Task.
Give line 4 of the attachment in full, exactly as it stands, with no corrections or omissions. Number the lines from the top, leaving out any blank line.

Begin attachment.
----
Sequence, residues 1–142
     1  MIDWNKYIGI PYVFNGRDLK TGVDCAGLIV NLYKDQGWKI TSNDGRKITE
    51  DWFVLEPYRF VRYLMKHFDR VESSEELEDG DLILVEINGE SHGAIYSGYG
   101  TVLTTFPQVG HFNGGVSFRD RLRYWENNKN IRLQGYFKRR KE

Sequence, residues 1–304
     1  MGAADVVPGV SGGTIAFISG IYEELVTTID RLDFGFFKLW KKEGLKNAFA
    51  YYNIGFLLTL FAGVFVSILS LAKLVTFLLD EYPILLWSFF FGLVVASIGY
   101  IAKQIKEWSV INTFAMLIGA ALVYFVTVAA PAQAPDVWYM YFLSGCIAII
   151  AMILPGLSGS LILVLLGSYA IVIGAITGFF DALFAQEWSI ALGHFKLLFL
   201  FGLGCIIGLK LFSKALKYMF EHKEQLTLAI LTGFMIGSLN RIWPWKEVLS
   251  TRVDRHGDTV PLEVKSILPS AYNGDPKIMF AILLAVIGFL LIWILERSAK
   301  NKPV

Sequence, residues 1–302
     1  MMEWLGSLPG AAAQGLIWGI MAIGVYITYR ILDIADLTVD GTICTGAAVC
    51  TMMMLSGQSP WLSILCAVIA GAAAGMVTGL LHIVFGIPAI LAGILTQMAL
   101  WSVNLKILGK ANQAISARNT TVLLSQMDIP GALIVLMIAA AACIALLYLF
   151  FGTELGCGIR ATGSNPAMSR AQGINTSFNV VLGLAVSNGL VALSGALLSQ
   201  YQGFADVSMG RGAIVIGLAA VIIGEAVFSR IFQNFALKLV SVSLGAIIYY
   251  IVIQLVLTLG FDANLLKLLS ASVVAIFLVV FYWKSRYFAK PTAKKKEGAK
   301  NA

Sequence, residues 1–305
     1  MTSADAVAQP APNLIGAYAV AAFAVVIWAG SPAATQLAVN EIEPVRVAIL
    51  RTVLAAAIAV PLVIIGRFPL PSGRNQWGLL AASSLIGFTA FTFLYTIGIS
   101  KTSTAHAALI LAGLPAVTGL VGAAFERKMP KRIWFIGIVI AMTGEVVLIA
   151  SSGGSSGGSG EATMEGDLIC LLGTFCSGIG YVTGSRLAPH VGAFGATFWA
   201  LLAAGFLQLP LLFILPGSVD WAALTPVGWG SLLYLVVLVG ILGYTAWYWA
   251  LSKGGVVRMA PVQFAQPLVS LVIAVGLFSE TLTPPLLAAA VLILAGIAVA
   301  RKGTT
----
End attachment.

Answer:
   101  TVLTTFPQVG HFNGGVSFRD RLRYWENNKN IRLQGYFKRR KE